The "T", the "D", and the "DET"


I talk to a lot of testers at Microsoft. Testers at all levels and from all divisions. A topic that almost always comes up is the role of test at MS. It's something I've talked about before, but I want to spin the issue a different way.

In many companies (including MS), there are people who are exceptionally good at the act of testing. Sometimes these people are called "bug finders", but they are much more than that. They know how to look at (or recognize) a problem, break it into solvable pieces and find the root issue. They have a passion for understanding how things work, then using that understanding to prove and disprove software functionality. These "Test Engineers" do all of this and more. They are critical to any team's testing success.

These days, many developers (or Software Development Engineers) write tests too. Unit tests verify functionality at the most granular level (at the...umm.. unit level - right?), but rarely go beyond verifying at the functional level. Sometimes, developers / programmers are asked to do more testing. Sometimes this is because there are few or no testers in their organization, and sometimes they are hired for testing jobs. In many cases, these programmers can adapt and end up being very good testers, but some of the time, these folks are just better "builders and makers" than "breakers and analyzers" and either fail to grow, or find a new job where they don't have to test.

The SDET (the "DET") role is a frequent example of confusion. Sometimes, we hire people with "D"s  in their soul/DNA to be "DET"s. These folks (the "D's") aren't great testers, but they love to write code. A lot of times, they end up recognizing the challenge and excitement of testing and become good testers, but sometimes they don't. Most often, you find these folks spending most of their time creating new test tools, new frameworks, or new "interesting" approaches to automation.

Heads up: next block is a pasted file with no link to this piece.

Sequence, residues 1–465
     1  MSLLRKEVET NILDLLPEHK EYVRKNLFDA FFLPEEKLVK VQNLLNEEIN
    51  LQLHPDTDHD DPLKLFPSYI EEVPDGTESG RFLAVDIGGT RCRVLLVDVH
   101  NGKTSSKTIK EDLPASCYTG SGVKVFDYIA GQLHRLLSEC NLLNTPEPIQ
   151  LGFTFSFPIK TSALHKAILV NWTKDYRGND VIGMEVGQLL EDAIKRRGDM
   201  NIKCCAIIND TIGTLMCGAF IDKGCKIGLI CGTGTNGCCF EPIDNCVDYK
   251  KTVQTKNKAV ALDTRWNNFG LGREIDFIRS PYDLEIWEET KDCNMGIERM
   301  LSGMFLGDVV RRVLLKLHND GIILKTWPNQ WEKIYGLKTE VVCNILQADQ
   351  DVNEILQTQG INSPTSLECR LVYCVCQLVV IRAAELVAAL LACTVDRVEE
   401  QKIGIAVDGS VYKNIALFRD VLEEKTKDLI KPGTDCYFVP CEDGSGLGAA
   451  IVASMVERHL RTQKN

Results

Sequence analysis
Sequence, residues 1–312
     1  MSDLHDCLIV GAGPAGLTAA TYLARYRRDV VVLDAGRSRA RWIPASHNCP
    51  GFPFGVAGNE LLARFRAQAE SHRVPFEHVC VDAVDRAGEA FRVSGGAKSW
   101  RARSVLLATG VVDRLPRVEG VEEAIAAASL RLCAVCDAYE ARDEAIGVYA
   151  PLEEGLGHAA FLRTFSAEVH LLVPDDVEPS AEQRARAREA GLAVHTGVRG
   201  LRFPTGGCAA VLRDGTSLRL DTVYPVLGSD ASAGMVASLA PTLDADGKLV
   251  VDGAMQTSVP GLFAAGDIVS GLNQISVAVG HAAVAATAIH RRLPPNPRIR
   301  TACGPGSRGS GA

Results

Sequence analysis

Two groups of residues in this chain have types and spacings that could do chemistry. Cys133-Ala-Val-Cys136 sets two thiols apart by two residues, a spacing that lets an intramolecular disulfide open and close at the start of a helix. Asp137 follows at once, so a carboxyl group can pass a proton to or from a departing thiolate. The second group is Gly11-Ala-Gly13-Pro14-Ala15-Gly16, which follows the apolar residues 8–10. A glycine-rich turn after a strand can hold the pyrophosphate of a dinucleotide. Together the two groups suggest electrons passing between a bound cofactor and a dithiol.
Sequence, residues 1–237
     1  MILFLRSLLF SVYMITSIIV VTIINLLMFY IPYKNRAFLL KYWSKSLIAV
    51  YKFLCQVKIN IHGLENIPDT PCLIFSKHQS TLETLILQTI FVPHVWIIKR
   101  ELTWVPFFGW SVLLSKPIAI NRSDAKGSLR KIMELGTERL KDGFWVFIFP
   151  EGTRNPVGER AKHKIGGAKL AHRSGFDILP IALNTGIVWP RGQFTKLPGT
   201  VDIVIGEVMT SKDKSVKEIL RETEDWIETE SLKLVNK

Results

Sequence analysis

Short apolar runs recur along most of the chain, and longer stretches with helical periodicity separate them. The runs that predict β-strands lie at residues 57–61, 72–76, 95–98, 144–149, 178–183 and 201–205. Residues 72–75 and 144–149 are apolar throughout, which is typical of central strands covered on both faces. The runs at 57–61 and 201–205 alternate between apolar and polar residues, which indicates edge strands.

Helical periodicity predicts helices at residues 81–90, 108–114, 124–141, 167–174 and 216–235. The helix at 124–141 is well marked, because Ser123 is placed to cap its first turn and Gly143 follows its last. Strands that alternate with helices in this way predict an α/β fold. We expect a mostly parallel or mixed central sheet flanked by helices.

The most successful SDETs I know, however, are testers (with a capital, fat, bold, T). Sure, they know how to code, and use that skill to their advantage, but they know how to test. They look at the software they test from a holistic view - they move from the 10,000 foot view to the 1 inch view and back in microseconds - they know when to dig in and analyze a problem deeply, and when to keep their eye on the big picture. They care about bugs, they care about the customers, and they care about quality. To these folks, the SDET role is the most exciting and most important job they could ever have. Most of the D SDETs I know aren't as excited or passionate - at least about testing.

I think that true SDETs are the future of testing. These are the folks who will make careers out of test and use the experiences of their career to make a huge difference in the future of software quality - but for a lot of reasons, I don't think we have enough of these folks. This is something I think I'd like to fix.

I think it's going to take some time...


Comments (4)

  1. Philk says:

    "Most often, you find these folks spending most of their time creating new test tools, new frameworks, or new "interesting" approaches to automation"

    • isnt their output being measured in someway so their managers are aware they are doing more D than T ?

    ( though I know measuring tester ‘productivity’ is hard )

    Any ideas on how to increase the nunmber of true and good SDETs ?

    ( future blog post ? )

  2. Alan Page says:

    "- isnt their output being measured in someway so their managers are aware they are doing more D than T ?"

    Assuming they have a good manager, yes. Not true for "legacy" managers :}.

    "Any ideas on how to increase the nunmber of true and good SDETs ?"

    Working on this internally a bit, and plan to do more. My day job tends to spill over into this blog, so yes – likely a future blog post.

  3. James Bach gave a talk at Microsoft yesterday. Among his many points, he reiterated a few points he’s

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